JMU News

Service Before Self this Thanksgiving


While the majority of James Madison University's students are looking forward to a break from classes and some time at home at Thanksgiving, a group of 30 students is looking forward to a week of long travel, hard work and rewarding experiences. Three Alternative Thanksgiving Break trips planned by students will take place in Georgia and Louisiana during JMU's Nov. 19-26 break. Instead of returning home to their families and celebrating over turkey and mashed potatoes, students will serve hot meals to the homeless, build affordable housing and spend time with patients living with HIV/AIDS. 

Misty Newman, assistant director of Community Service-Learning at JMU, coordinates trips at Thanksgiving, Spring Break and May Break and will accompany the group traveling to Cafe 458 in Atlanta. Newman is impressed with the students who give up time with family at Thanksgiving to dedicate a week to service. "It didn’t really resonate with me until I participated myself, but the time you give during a Thanksgiving Break is so much more treasured than the time you give during a Spring Break," said Newman. 

JMU's award-winning Alternative Break Program provides learning opportunities for students outside of the classroom where they focus on social issues by interacting with a local nonprofit, living simply and reflecting on the critical issues faced by the people they serve. 

Cafe 458 

Students will travel to Atlanta to work at Cafe 458 serving meals to men and women struggling with hunger and homelessness. While Cafe 458 is open to the general public for brunch and dinner, it also serves as the city’s only restaurant for homeless individuals during weekday mornings. 

The restaurant's proceeds all benefit the Samaritan House of Atlanta, a center dedicated to breaking the cycle of homelessness by enabling people to transform their lives through sustainable employment and income. The JMU students will also contribute to the Earning Dignity…Gaining Employment Program, which consists of resume, employment and computer workshops. 

“By experiencing some aspects of their lives, we'll all be better able to respect, learn about and seek help for the homeless, unemployed and underemployed who are often forgotten about in our society,” said trip leader Christopher Shockey, senior hospitality and tourism management major. “My hope is that each of our participants on this trip will have an 'ah-ha' moment of their own so that they will begin to 'Be the Change.'”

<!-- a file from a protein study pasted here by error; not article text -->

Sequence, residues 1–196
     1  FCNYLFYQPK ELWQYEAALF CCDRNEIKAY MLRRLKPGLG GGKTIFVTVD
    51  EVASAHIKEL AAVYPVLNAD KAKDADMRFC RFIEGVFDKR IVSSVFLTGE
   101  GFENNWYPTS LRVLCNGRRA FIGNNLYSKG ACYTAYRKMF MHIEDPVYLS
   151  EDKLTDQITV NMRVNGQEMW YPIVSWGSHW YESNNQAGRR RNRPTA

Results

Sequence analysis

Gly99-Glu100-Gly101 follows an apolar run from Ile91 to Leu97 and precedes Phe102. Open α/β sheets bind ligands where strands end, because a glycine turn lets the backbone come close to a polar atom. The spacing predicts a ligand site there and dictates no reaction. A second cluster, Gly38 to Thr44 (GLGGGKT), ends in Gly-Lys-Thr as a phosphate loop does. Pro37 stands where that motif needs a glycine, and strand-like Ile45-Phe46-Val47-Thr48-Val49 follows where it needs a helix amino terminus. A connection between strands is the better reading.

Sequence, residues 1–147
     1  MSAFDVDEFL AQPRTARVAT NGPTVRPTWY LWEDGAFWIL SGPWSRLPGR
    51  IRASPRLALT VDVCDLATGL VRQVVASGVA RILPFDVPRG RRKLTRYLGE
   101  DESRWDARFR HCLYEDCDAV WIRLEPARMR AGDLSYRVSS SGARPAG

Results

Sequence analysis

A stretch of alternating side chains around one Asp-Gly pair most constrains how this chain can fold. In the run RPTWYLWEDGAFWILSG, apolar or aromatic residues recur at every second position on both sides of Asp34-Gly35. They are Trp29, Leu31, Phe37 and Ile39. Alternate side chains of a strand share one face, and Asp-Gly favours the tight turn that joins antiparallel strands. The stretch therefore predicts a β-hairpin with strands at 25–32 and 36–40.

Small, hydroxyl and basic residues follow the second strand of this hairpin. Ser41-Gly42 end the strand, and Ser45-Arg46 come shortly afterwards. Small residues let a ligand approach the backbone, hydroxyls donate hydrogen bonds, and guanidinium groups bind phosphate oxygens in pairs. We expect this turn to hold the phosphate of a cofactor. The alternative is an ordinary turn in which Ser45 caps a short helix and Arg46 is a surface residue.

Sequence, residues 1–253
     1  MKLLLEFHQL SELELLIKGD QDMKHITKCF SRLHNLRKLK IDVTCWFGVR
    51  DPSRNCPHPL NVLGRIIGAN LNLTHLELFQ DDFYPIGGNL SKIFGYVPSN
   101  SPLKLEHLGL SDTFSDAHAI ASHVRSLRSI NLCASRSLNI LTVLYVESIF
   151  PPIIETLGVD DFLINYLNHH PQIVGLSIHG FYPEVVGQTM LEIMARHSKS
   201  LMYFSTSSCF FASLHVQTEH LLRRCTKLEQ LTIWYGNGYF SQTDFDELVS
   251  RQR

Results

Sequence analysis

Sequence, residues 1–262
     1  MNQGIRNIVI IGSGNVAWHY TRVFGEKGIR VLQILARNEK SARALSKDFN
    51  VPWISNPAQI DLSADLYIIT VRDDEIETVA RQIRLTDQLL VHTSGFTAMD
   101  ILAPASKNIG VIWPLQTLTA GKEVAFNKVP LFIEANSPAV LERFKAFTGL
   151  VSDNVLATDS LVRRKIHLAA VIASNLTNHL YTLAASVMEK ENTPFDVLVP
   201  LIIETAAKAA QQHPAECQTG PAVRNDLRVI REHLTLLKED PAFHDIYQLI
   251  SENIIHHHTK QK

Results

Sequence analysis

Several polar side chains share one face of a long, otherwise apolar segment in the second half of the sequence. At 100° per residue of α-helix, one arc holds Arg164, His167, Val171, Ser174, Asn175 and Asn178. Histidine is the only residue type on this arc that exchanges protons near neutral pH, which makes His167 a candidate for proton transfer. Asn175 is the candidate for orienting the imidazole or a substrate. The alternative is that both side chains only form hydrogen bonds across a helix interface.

Phoenix of New Orleans 

After six years, New Orleans is still experiencing the effects of Hurricane Katrina. Students traveling to Louisiana for the PNOLA hurricane relief trip will help residents of the lower Mid-City neighborhood regain stability and independence. Efforts to strengthen the community will be addressed by building affordable housing. 

“The trip is significant for me because it's hard to believe that the rebuilding efforts are still happening after all this time, said PNOLA trip leader Blake Lam, senior media arts and design major. "It's also amazing to see a group of people who are willing to forsake time with family over Thanksgiving in order to help others.” 

Project Lazarus 

Participation in Project Lazarus, a New Orleans-based organization that works to provide long-term care for patients in a home-like environment, will allow students to learn about and work with patients with HIV/AIDS. During the trip, students will spend one-on-one time with patients and assist when needed throughout the facility. 

"We are looking forward to visiting Project Lazarus and putting both faces and personalities to the HIV/AIDS disease," said trip leader Melissa Childers, senior health sciences major. "It's important to realize every statistic we hear about the disease correlates to an individual, such as the ones we will meet in New Orleans. We can't wait to go and to be able to celebrate Thanksgiving with a 'new' family.” 

The JMU Alternative Break Program is the Break Away National Program of the Year for 2010 in recognition of the university's commitment to active citizenship. The program earned the same award in 1999 from Break Away, a national nonprofit organization that supports the development of quality alternative break programs at colleges and other nonprofit organizations. 

Published: Monday, August 15, 2011

Last Updated: Monday, February 5, 2018

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